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Das Rheingold launches what is perhaps the single most ambitious project in opera, Richard Wagner’s Der Ring des Nibelungen.
This live performance of Laurent Pelly’s Glyndebourne staging of
Humperdinck’s affectionately regarded fairy tale opera, was recorded at
Glyndebourne Opera House in July and August 2010, and the handsomely produced
disc set — the discs are presented in a hard-backed, glossy-leaved book and
supplemented by numerous production photographs and an informative article by
Julian Johnson — is certainly stylish and unquestionably recommendable.
Recorded at a live performance in 2012, this CD brings together an eclectic
selection of turn-of-the-century orchestral songs and affirms the extraordinary
versatility, musicianship and technical accomplishment of mezzo-soprano
Once I was: Songs by Ricky Ian Gordon features an assortment of
songs by Ricky Ian Gordon interpreted by soprano Stacey Tappan, a longtime
friend of the composer since their work on his opera Morning Star at
the Lyric Opera of Chicago.
Alfredo Kraus, one of the most astute artists in operatic history in terms of careful management of technique and vocal resources, once said in an interview that ‘you have to make a choice when you start to sing and decide whether you want to service the music, and be at the top of your art, or if you want to be a very popular tenor.’
In generations past, an important singer’s first recording of Italian arias would almost invariably have included the music of Verdi.
With celebrations of the Verdi Bicentennial in full swing, there have been
many grumblings about the precarious state of Verdi singing in the world’s
major opera houses today.
In the thirty-five years immediately following its American première at the Metropolitan Opera in 1914, Italo Montemezzi’s ‘Tragic Poem in Three Acts’ L’amore dei tre re was performed in New York on sixty-six occasions.
Few operas inspire the kind of competing affection and controversy that have surrounded Mozart’s Così fan tutte almost since its first performance in Vienna in 1790.
During his career in film, opera, and operetta, Richard Tauber (1891 - 1948) enjoyed the sort of global fame that eludes all but the tiniest handful of ‘serious’ singers today.
Known principally for its two concert show-pieces for the leading lady, the success of Francesco Cilea’s Adriana Lecouvreur relies upon finding a soprano willing to take on, and able to pull off, the eponymous role.
It would be condescending and perhaps even offensive to suggest that singing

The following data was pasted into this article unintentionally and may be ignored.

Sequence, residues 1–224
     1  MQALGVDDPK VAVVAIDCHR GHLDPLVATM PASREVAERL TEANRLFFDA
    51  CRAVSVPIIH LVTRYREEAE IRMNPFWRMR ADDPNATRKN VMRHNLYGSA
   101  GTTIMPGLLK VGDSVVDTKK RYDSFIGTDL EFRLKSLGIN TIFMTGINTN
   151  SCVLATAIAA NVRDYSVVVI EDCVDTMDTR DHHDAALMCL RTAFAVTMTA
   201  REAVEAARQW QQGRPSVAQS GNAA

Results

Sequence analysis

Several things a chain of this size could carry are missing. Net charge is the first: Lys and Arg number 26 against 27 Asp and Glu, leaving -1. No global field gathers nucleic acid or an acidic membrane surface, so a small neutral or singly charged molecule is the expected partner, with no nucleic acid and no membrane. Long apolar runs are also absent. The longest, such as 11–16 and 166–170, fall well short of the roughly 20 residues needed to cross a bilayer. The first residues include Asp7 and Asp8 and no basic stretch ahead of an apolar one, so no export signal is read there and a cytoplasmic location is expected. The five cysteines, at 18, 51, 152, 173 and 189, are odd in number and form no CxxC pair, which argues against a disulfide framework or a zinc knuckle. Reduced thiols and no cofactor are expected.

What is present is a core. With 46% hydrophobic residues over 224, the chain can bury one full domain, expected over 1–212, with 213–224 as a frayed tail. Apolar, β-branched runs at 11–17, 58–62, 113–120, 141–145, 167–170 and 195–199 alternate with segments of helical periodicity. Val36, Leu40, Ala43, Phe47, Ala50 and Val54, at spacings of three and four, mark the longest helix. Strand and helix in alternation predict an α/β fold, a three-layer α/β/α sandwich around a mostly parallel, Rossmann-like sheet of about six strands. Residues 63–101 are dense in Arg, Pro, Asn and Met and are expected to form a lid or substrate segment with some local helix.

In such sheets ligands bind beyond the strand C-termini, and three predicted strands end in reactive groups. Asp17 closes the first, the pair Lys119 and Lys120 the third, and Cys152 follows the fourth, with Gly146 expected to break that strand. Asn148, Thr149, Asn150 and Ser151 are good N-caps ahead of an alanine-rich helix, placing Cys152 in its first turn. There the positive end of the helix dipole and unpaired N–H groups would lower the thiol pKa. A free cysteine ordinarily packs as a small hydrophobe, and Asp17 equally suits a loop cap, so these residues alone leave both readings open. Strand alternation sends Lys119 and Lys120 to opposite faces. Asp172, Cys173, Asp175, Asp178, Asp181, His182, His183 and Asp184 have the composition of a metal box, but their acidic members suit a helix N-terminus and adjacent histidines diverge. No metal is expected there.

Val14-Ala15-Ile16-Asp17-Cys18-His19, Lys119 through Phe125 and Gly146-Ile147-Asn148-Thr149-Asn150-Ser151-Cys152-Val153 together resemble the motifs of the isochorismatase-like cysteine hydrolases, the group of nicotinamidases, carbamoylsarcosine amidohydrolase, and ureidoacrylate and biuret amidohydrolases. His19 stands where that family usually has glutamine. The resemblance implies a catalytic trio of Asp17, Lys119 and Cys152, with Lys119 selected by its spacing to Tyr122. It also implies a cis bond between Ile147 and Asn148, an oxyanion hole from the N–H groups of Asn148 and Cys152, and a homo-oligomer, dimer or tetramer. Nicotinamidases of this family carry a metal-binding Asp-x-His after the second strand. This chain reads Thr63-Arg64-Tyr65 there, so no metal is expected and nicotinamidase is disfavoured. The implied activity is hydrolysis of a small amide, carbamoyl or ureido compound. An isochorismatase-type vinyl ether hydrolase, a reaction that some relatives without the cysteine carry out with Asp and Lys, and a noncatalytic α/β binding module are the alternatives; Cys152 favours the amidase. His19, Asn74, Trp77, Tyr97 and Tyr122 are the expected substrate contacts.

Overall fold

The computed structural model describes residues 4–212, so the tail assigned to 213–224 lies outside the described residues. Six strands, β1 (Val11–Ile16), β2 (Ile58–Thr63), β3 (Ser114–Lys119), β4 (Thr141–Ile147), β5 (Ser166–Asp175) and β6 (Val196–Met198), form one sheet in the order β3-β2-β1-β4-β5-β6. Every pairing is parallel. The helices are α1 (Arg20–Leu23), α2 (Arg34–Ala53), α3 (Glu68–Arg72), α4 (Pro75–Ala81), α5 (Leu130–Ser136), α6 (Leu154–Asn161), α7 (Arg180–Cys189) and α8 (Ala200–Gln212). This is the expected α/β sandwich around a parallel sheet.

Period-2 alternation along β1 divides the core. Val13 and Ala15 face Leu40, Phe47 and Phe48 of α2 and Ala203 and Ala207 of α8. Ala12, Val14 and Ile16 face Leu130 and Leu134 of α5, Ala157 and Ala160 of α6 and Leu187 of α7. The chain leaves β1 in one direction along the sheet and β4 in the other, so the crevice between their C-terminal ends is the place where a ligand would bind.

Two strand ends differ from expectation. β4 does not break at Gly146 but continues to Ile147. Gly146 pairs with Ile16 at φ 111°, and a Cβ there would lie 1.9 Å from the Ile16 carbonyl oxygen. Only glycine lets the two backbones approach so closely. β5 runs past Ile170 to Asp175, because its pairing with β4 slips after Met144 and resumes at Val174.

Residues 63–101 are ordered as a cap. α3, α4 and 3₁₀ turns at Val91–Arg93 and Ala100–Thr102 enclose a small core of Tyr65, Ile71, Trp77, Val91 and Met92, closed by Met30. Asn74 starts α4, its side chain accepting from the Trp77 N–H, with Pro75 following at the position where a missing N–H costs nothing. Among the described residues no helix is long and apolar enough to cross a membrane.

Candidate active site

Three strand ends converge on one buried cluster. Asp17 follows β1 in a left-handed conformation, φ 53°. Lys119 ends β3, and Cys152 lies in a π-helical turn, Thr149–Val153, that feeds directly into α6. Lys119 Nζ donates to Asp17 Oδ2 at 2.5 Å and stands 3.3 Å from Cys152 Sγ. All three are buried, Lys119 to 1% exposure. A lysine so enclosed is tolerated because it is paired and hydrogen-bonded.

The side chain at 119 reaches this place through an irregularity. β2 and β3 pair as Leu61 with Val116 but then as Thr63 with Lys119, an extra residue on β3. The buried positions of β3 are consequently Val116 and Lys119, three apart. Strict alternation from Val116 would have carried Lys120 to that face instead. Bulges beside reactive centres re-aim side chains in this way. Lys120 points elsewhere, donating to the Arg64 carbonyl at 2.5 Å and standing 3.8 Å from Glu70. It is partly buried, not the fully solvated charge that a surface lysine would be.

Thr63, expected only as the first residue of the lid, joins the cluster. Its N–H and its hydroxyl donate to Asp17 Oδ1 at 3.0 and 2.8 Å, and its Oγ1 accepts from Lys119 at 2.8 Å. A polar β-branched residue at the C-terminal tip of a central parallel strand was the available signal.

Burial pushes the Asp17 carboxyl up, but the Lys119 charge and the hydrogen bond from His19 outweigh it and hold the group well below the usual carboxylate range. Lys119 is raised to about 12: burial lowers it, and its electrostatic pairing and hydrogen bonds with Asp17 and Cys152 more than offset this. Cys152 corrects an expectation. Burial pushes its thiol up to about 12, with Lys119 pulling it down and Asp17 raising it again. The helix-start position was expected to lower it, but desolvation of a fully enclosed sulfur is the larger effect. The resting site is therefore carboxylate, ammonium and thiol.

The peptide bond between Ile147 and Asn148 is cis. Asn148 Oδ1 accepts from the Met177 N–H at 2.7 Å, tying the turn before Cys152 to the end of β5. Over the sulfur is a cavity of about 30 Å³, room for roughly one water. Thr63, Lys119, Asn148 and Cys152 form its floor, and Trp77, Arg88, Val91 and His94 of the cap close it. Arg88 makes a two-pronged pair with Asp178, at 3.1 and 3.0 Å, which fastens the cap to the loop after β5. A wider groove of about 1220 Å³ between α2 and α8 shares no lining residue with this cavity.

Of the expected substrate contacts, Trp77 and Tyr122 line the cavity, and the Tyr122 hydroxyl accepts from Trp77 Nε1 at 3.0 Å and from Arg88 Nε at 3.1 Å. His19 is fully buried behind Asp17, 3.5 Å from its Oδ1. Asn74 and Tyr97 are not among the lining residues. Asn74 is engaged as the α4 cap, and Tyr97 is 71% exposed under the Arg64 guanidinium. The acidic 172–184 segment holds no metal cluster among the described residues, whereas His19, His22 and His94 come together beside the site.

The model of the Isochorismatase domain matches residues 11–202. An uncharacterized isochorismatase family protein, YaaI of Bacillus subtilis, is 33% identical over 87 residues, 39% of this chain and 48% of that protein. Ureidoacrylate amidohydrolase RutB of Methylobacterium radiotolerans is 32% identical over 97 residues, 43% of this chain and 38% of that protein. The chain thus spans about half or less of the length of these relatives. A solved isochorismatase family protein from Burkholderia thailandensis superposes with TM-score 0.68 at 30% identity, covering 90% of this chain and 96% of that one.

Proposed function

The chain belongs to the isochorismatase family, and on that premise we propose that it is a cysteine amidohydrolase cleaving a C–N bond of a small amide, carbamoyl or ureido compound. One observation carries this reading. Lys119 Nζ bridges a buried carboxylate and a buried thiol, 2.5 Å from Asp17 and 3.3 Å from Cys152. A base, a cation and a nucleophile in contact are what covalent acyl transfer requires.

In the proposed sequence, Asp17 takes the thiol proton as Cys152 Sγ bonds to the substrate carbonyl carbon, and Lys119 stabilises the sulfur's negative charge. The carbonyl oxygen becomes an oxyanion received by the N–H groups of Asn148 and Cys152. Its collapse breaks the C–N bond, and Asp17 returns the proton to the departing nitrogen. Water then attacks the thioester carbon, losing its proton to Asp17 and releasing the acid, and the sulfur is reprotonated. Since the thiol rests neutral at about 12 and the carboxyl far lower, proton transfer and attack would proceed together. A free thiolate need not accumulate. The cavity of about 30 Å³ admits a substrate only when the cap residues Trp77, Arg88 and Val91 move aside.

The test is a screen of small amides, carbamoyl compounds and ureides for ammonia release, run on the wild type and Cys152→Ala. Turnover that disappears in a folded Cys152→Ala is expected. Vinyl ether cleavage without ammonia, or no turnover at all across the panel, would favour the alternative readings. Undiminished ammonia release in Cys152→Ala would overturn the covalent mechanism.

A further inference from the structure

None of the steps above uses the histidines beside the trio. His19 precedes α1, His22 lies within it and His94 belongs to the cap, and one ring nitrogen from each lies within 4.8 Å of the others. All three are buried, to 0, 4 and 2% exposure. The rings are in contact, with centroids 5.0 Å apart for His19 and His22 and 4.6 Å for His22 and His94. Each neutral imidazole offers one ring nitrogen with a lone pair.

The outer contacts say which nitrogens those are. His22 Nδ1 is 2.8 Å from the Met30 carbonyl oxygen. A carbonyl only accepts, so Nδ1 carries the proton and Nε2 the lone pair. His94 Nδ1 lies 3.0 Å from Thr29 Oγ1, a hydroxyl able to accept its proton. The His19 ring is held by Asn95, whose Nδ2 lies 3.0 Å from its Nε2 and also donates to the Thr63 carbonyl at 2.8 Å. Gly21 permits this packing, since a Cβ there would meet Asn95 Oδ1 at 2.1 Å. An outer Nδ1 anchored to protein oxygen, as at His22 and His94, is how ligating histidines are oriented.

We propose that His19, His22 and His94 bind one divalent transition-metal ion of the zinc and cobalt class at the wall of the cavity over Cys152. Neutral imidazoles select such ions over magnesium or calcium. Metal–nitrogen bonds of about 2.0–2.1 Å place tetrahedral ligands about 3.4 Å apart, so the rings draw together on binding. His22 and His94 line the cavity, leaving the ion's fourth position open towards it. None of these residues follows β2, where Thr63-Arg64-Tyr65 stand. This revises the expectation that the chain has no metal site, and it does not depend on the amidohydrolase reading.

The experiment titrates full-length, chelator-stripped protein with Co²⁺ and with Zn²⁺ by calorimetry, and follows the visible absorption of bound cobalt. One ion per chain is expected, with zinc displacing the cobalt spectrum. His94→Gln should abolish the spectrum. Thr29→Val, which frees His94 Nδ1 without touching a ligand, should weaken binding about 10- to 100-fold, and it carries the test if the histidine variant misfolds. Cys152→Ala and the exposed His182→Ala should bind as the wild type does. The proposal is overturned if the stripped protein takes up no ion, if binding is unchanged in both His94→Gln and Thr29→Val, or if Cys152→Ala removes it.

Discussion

traditional Spirituals is a rite a passage for artists of color, but the musical heritage of the United States has been greatly enriched by the performances and recordings of Spirituals by important artists such as Paul Robeson, Marian Anderson, Leontyne Price, Martina Arroyo, Shirley Verrett, Grace Bumbry, Jessye Norman, Barbara Hendricks, Florence Quivar, Kathleen Battle, Harolyn Blackwell, and Denyce Graves.
As a companion to their excellent Great Wagner Singers boxed set
compiled and released in celebration of the Wagner Bicentennial, Deutsche
Grammophon have also released Great Wagner Conductors, a selection of
orchestral music conducted by five of the most iconic Wagnerian conductors of
the Twentieth Century, extracted from Deutsche Grammophon’s extensive
There could be no greater gift to the Wagnerian celebrating the Master’s
Bicentennial than this compilation from Deutsche Grammophon, aptly entitled
Great Wagner Singers.
What better way for Masonic brothers, Wolfgang Amadeus Mozart and Emmanuel Shikaneder to disseminate Masonic virtues, than through the most popular musical entertainment of their age, a happy ending folktale that features a dragon, enchanting flutes and bells, mixed-up parentage, and a beautiful young princess in distress?
Since its first performance at the Teatro Santi Giovanni e Paolo during Venice’s 1643 Carnevale, Monteverdi’s L’Incoronazione di Poppea has been one of the most important milestones in the genesis of modern opera despite its 250 years of unmerited obscurity.
Though 2013 is the bicentennial of the births of Giuseppe Verdi and Richard Wagner, the releases of Cecilia Bartoli’s recording of Bellini’s Norma on DECCA, a new studio recording of Donizetti’s Caterina Cornaro from Opera Rara, and this première recording of Saverio Mercadante’s forgotten I due Figaro, suggest that this is the start of a summer of bel canto.
Recording Richard Wagner’s Der Ring des Nibelungen is for a
record label equivalent to a climber reaching the summit of Mount Everest: it is the zenith from which a label surveys its position among its rivals and appreciates an achievement that can define its reputation for a generation.
Few people who love opera in general and bel canto in particular have never heard the comment made by Lilli Lehmann, veteran of the inaugural Ring at Bayreuth in 1876, that singing all three of Wagner’s Brünnhildes—in Die Walküre, Siegfried, and
Götterdämmerung, respectively, all of which she sang to great acclaim—pales in comparison with singing the title rôle in Bellini’s Norma.
Paul Dukas’ Ariane et Barbe-Bleue, first heard in 1907, once seemed important. Arturo Toscanini conducted the Met premiere in 1911 with Farrar and later arranged some of its music for a 1947 recording with his NBC Symphony.